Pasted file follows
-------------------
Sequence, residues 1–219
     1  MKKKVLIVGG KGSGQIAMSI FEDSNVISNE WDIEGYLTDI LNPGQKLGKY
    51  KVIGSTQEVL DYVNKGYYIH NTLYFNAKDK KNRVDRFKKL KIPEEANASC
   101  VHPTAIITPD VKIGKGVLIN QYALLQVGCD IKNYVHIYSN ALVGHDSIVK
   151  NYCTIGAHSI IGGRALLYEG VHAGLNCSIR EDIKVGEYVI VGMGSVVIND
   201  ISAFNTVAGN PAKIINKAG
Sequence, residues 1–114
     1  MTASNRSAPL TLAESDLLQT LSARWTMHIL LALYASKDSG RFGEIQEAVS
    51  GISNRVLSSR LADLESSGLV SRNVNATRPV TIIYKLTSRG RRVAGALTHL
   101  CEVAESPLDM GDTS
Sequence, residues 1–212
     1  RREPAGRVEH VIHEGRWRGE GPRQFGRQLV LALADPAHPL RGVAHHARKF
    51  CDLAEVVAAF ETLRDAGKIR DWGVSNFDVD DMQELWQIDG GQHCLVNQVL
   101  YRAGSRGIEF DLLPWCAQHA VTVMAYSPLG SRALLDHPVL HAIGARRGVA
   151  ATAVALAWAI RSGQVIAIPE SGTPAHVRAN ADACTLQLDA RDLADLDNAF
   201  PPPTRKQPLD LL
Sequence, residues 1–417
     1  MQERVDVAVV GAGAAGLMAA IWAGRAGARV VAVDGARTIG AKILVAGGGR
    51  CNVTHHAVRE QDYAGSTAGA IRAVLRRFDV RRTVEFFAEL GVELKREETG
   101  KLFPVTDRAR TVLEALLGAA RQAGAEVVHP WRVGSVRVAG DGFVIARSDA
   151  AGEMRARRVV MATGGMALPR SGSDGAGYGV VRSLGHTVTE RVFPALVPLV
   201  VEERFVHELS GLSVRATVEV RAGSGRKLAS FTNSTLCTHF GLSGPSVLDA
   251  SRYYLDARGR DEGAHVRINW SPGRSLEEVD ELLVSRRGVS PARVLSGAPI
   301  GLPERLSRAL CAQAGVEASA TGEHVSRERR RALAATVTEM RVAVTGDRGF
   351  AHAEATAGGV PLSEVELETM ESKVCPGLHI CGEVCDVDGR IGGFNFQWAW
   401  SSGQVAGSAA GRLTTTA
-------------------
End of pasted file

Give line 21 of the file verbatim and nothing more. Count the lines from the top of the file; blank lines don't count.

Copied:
   151  AGEMRARRVV MATGGMALPR SGSDGAGYGV VRSLGHTVTE RVFPALVPLV